Columnist of the Year – Weekly Papers

Scroll down to meet the nominees for Columnist of the Year – Weekly Papers

Entrants should have a regular by-lined column or blog. The winner will be a journalist with a special style and the ability to provoke debate that may annoy as much as delight.

The Shortlist

Mike Kelly, Sunday Sun

Writing from the heart, Mike delves into issues he really thinks about and believes in.

His contributions this year have included a thoughtful piece on attacks on activists, as he considers the disgraceful treatment of Swedish climate change activist Greta Thunberg.

His second submission on the fantasist Carl Beech was an important analysis of the lessons learned after Beech was found guilty of perverting the course of justice. Mike unpicks the dangers of what happens when politics becomes entwined in matters of justice.

The final piece following Boris Johnson’s election as Prime Minister examines how the PM will cope under the pressure of leadership. And still, Mike’s columns retain relevance and intrigue months after publication.

The judges said:

Good columns. Topical, well written and a varied range of topics.

Hard-hitting look at the big news stories of the week. Well made points and an engaging style. Piece on Carl Beech was particularly good.

Mike Lockley, Birmingham Mail / Sunday Mercury

Mike’s wry look at the issues of the day and the quirks of human nature make his column a must read.

From Love Island to crime on public transport, Mike picks subjects that his readers want to hear about most.

His first column ‘Chuffing Hell’ explores the shocking statistics of violence and offences taking place in Birmingham’s rail network.

Mike’s second column confesses a fascination with the ITV reality show, Love Island, as he tries to explain how he is forced to ‘shed an hour of my life, every night, watching’ the show his family are addicted to.

A light hearted final piece on the ‘rise of the wrINKlies’ delves into the world of tattoo artistry and explores the rise in elderly people getting tattoos.

The judges said:

Topical, well-crafted writing alighting on issues that people are talking about – or will now be talking about.

Very funny and well-constructed.

Peter Grant, Wirral Globe

In his weekly column Granty’s Inferno, Peter provides a topical, relevant and opinionated diary. Aiming each week to inform and entertain, his diary columns demand meticulous research, great quotes from interviews, local and national knowledge.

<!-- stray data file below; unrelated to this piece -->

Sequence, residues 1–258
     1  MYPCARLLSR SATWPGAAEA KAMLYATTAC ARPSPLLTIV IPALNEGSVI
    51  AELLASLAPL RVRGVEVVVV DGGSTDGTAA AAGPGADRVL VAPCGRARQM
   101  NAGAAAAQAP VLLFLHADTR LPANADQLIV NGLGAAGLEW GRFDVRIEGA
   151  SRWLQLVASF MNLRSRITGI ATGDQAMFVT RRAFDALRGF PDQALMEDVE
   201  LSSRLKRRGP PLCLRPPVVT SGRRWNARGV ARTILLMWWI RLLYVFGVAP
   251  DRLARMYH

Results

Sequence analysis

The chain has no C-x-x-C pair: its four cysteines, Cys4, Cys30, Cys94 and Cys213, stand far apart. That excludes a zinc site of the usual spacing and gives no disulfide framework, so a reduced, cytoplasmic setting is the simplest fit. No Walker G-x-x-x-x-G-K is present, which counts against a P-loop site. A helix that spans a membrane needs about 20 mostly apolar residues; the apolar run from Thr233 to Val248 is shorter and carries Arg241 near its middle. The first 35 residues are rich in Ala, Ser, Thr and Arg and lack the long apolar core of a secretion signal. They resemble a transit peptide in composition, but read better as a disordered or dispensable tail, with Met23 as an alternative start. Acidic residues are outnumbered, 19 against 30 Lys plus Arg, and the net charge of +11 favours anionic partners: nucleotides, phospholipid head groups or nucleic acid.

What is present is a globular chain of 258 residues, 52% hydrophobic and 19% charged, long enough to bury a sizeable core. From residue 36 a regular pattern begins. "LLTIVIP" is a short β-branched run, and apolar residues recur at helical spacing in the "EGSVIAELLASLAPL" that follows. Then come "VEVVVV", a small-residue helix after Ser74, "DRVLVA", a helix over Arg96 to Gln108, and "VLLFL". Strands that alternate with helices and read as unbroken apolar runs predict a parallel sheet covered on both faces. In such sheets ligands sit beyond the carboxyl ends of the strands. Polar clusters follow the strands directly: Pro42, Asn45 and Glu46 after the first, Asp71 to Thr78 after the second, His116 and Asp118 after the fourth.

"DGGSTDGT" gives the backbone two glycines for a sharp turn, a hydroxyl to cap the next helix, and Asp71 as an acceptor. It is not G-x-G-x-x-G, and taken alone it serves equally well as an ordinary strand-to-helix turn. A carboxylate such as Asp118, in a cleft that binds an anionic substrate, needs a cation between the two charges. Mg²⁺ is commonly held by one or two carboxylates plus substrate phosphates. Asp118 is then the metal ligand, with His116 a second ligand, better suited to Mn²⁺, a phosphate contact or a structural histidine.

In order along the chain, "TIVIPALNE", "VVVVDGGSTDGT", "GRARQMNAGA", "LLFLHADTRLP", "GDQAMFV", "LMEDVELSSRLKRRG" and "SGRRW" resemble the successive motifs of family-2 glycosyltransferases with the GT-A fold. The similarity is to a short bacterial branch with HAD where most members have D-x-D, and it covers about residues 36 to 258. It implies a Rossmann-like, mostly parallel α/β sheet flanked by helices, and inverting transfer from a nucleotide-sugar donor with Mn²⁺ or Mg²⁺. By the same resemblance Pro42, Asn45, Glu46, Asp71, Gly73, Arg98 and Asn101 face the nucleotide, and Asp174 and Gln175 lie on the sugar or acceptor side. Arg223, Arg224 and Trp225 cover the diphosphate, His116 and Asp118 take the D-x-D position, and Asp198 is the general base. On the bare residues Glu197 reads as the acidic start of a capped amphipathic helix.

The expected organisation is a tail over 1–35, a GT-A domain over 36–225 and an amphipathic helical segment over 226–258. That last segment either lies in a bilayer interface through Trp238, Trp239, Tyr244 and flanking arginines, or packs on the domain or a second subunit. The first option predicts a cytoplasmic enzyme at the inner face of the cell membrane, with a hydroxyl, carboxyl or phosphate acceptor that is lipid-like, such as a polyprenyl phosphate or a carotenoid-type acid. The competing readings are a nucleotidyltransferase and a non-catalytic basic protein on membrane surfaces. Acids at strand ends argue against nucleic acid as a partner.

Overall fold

His submitted columns have humoured what could have occurred if Melvyn Bragg had ambitions of being Prime Minister, or the value of a guiding light to society such as Sir David Attenborough.

In a clever use of medium, Peter explores the role of satire and whether topical programmes are experiencing their downfall. He concludes: “So is Britain in the grip of satire fatigue? Don’t make me laugh”.

Peter’s column brings a regular chance to have some light relief as well as some serious to complement the rest of the paper. The Inferno may have a tongue-in-cheek title but it could always be relied on to fire people up.

The judges said:

Lively range of local issues explored with ingenuity and sympathy.

These columns were short snappy pieces which were easy to read and covered a wide range of topics, issues and subjects that would interest readers. Good local issues and good comment.

Phil Wisdom, Cornish Guardian

Phil believes the job of the local newspaper has never been harder. Not only does it have to compete for both resources and readers’ attention against an ever-expanding range of digital distractions, but it also has to recognise that those readers have a broader perspective than ever before. For better or worse, life is no longer local.

In the past year, the key topics which have inspired and infuriated the readers of the Cornish Guardian have been the same ones dominating the national news agenda. Now it’s all Brexit and climate change, and as a columnist, Phil has had to adjust accordingly as this year he centres what matters to his local audience in his comments on national issues.

In an age of social media, Phil believes a newspaper has not only the opportunity but the duty to deliver diversity and dissent, presenting its readers with information and opinions they might not want to hear in ways they might not necessarily find agreeable.

The judges said:

A welcome addition to a lively opinion page with well researched columns.

Good local newspaper column in a lively considered style.